The newest crop of fresh-faced, eager interns has arrived on Capitol Hill for the summer, and they’re largely from rich households and selective schools.
In a new survey of 487 Hill interns, almost half, 46.7%, are attending a private college or university, which is about twice the rate seen in the overall student population. And 23.4% grew up in a household with an annual income of $200,000 or more.
“If you care about a functioning Congress, you should care about who serves as congressional interns,” said Anne Meeker, the director of strategic initiatives at the PopVox Foundation, a good government group.
“Today’s interns are tomorrow’s staffers. Policy gets shaped by who is in the room, including both [congressional] members and staff; and almost universally, the path to becoming a staff member starts with an internship,” Meeker said.
For perspective, annual tuition at public colleges averaged about $9,600 in the 2021-2022 academic year, while at private schools it was about $33,200, according to EducationData.org.
And median household income in 2020 — the number in the exact middle of all incomes — was $67,251, according to the U.S. Census Bureau.
There are some caveats to the survey, whose participants attended a two-day nonpartisan intern orientation in June sponsored by PopVox and a coalition of similar groups called the First Branch Intern Project. But it also provides another data point in the long-running debate over access to white-collar internships and thus other career opportunities.
Some social scholars believe internships are part of what they call “opportunity hoarding,” in which rich and upper-middle-class parents find ways to confer advantages to their children unavailable to others. It can take the form of formal advantages, like paid or unpaid internships or membership in fraternities or sororities, or informal ones, such as simply introducing their kids to their network of friends and co-workers.
The PopVox poll is the third since the fall of 2021. The data does have some limitations in terms of who responded — two-thirds of the respondents in the latest survey were serving in a Democratic office, the group said, and 81% were working in House offices instead of in the Senate.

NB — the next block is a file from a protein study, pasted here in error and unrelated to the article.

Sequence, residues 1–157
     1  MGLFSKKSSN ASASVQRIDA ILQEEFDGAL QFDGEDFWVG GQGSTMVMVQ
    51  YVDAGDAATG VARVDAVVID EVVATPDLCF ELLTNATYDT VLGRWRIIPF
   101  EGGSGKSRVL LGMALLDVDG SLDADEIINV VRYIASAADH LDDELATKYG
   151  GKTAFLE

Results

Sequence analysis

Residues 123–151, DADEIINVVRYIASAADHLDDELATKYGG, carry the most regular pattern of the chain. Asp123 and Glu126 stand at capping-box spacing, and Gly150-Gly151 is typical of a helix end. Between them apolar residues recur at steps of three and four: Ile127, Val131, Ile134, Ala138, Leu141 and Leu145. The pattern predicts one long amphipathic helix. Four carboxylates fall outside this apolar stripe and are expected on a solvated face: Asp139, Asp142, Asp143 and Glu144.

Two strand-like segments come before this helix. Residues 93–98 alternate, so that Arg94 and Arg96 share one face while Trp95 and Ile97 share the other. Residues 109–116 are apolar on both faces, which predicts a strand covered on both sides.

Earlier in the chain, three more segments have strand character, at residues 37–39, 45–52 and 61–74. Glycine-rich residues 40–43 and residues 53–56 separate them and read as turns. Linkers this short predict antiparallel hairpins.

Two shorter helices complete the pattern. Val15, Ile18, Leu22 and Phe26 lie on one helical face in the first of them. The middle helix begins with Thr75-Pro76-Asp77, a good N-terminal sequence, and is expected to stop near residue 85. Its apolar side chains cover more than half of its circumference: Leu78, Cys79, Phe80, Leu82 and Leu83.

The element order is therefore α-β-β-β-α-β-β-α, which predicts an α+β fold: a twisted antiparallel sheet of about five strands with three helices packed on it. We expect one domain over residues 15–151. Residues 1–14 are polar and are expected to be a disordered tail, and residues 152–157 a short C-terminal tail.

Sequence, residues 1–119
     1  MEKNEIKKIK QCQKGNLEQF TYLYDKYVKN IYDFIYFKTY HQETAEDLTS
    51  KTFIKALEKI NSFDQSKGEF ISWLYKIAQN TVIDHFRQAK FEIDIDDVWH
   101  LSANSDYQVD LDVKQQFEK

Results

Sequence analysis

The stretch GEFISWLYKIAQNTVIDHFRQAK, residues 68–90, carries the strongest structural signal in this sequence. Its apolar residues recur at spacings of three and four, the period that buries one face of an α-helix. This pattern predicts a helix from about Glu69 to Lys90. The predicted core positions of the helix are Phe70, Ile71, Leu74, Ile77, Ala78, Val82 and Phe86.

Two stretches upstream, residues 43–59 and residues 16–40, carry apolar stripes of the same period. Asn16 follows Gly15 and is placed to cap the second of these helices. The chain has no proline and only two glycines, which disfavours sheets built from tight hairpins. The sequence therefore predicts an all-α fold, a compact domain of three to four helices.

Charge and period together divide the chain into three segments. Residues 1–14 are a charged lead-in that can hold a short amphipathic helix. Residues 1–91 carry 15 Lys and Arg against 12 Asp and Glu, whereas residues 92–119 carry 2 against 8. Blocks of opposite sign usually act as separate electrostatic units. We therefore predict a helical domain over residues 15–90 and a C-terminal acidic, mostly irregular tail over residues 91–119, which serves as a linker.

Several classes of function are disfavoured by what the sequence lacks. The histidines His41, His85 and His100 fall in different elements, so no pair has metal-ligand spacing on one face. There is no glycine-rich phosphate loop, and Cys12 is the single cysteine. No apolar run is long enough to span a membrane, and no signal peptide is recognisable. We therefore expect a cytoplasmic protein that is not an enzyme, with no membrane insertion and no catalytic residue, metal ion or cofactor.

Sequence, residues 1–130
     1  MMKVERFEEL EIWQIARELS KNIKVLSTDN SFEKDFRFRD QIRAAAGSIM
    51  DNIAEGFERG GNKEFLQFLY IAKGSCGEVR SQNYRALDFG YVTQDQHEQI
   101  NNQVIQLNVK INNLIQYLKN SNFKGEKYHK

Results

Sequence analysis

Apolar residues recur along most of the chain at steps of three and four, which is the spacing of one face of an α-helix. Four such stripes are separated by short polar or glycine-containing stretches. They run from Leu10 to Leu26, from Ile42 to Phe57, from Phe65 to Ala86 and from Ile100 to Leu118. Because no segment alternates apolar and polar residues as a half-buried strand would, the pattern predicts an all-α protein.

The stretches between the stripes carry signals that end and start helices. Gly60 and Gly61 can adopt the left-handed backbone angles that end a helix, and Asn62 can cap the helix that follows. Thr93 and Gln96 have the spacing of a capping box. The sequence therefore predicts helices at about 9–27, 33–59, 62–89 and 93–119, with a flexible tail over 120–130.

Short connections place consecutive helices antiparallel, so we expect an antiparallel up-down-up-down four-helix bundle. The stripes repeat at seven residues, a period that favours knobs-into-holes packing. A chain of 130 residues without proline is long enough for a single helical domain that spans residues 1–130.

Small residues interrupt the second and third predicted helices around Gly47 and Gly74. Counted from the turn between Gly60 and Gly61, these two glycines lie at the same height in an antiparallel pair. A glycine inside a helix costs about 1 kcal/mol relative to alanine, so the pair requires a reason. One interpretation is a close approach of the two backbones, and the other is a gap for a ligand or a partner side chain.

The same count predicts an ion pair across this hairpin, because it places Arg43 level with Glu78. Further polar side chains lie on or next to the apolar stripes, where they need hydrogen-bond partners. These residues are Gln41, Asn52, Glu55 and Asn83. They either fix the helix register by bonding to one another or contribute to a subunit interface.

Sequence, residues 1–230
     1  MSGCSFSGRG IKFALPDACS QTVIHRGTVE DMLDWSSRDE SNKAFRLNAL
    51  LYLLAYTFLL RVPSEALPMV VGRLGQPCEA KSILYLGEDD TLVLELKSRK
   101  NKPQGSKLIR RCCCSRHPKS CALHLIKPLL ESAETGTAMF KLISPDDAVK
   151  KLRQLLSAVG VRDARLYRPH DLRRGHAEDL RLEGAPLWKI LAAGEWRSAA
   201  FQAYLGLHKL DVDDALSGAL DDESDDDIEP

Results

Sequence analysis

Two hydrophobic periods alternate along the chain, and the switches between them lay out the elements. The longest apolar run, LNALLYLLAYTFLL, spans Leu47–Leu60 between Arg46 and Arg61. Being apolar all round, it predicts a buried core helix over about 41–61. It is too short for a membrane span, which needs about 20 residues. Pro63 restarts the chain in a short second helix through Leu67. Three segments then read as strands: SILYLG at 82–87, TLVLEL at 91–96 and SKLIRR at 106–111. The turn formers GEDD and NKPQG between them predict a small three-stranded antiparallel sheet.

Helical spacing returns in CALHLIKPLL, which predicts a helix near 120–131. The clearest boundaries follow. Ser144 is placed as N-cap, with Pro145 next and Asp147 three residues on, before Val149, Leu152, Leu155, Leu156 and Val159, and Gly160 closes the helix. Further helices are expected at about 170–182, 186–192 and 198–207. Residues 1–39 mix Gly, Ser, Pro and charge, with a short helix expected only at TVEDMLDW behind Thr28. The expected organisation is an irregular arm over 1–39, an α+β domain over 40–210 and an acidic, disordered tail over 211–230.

But the findings align with previous research by Pay Our Interns, a group founded in 2016 by two former unpaid interns. Using 2019 congressional payroll data, that group found that almost 50% of paid Hill interns had attended or were attending a private college.
PopVox’s Meeker said the newest survey was encouraging in terms of racial diversity but less so in socioeconomic terms.
“It also shows where there is still a lot of room for improvement on reaching interns from all backgrounds to help them get that foot in the door — particularly students from middle- and working-class backgrounds,” she said.
“Policy gets shaped by who is in the room, including both [congressional] members and staff; and almost universally, the path to becoming a staff member starts with an internship.”
The PopVox survey found that 45.9% of interns responding were white, down slightly from 50% reported in the spring survey. Nineteen percent were Black, 9.9% Asian or Asian American, and 7.1% Hispanic or Latino.
Those figures actually reflected more diversity than did the Pay Our Interns study, which found that 76% of all interns from April to September 2019 were white while only 6.7% were Black, 7.9% Latino and 7.9% Asian/Pacific Islander.
In terms of gender, most of this summer’s interns are women, 56.4%, while men made up 42.5% of the class and 1.2% identified as nonbinary.
About 65% of interns in the survey reported getting a stipend from their offices. Since 2019, the House has provided members funding to pay their interns if they wished. Interns can also be paid from individual offices’ budgets.
The most cited worry of the summer 2022 interns was being able to afford to move to and live in Washington, cited by 65.7% of respondents.